Here’s how the Xbox Series S stacks up against Series X, Xbox One consoles
One of the biggest surprises over the holiday weekend was the unintended reveal of the Xbox Series S, Microsoft’s more affordable next-gen console. Now that both consoles’ release dates and prices have been revealed, Microsoft has given us a better idea of how the Xbox Series S will stack up against Xboxes past, present, and future.
In a recent blog post, Xbox head of platform engineering and hardware Liz Hamren detailed the Xbox Series S’ specs. For starters, let’s look at the CPU. Where the Xbox Series X boasts an 8-Core AMD Zen 2 CPU @ 3.8GHz, the Series S is not far behind with an 8-Core AMD Zen 2 CPU @ 3.6GHz.
Practically speaking, this difference is negligible, as Hamren states that the Series S “has the identical I/O performance as the Xbox Series X,” meaning it can make computations just as fast as its bulkier counterpart. More importantly, the Series S “supports experiences up to 120fps” and “DirectX Raytracing and Variable Rate Shading,” meaning it still boasts a pretty sizable graphical and performance advantage over the Xbox One X.
In terms of storage, the Series S comes equipped with a 512GB custom SSD that’s “powered by the Xbox Velocity Architecture, delivering more than 40x the I/O bandwidth of an Xbox One.” This means faster loading times, steadier frame rates, and the ability to Quick Resume multiple titles at any given time.
Where the Series S passes its savings onto you is when it comes to the GPU and resolution. Where the Series X’s GPU performance rates in at 12 teraflops, the Series S only has a 4-teraflop GPU, which is less than the One X. Its actual graphics card is an AMD RDNA 2 GPU, similar to the Series X, but it only has 20 CUs @ 1.565GHz, compared to the Series X’s 52 CUs @ 1.825GHz. This means that the Series S is targeting 1440p @ 60 FPS, not 4K @ 60 FPS, but both consoles can push their titles to 120 FPS, which is something the One X can emphatically not do.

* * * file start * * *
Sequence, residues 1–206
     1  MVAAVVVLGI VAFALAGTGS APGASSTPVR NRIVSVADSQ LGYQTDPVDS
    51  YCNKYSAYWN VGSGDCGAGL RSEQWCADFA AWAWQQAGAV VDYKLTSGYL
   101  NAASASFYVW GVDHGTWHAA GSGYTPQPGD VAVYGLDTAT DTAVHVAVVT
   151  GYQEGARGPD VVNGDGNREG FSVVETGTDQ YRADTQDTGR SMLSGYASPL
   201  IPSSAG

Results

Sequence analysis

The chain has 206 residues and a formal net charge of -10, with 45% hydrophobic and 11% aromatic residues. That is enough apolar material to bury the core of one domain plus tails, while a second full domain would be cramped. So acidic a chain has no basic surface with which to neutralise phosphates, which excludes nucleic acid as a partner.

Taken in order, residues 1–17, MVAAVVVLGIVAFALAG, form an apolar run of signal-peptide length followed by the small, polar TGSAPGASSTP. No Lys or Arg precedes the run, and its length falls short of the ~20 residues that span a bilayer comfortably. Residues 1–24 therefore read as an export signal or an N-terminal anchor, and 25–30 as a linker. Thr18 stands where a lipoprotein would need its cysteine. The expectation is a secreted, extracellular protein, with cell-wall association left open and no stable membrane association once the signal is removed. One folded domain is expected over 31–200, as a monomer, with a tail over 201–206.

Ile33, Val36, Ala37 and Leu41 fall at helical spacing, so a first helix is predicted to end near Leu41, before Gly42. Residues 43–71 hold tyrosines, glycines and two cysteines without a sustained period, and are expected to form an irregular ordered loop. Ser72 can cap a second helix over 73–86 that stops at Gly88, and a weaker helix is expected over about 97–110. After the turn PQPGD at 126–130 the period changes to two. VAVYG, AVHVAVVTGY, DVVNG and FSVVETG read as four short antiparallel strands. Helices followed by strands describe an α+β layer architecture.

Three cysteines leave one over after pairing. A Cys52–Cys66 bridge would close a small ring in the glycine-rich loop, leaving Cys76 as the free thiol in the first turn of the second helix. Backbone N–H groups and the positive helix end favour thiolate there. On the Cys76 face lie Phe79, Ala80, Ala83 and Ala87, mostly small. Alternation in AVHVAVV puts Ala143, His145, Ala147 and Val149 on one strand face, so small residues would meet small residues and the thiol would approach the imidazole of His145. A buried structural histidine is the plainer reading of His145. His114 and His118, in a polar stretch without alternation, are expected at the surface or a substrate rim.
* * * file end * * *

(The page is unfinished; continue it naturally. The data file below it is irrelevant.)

Oh, and… there’s no disc drive. The Xbox Series S is a digital-only platform. But it’s also the smallest Xbox ever, so that kind of makes up for it. And it’s got a cool-looking fan.
So what does that mean for you, the prospective consumer? Well, considering the Series S is launching with a price tag of $299, it’s a darn good deal, all things considered. That’s also $100 less than the One X launched for, and the Series S is promising load times and frame rates that are just not possible on current-gen tech. In other words, if performance means more to you than resolution, the Series S offers a compelling argument, especially if you don’t have a 4K TV yet. Plus, the lack of a disc drive shouldn’t matter too much if you plan on taking advantage of Game Pass Ultimate, which will be combining forces with EA Play this holiday season.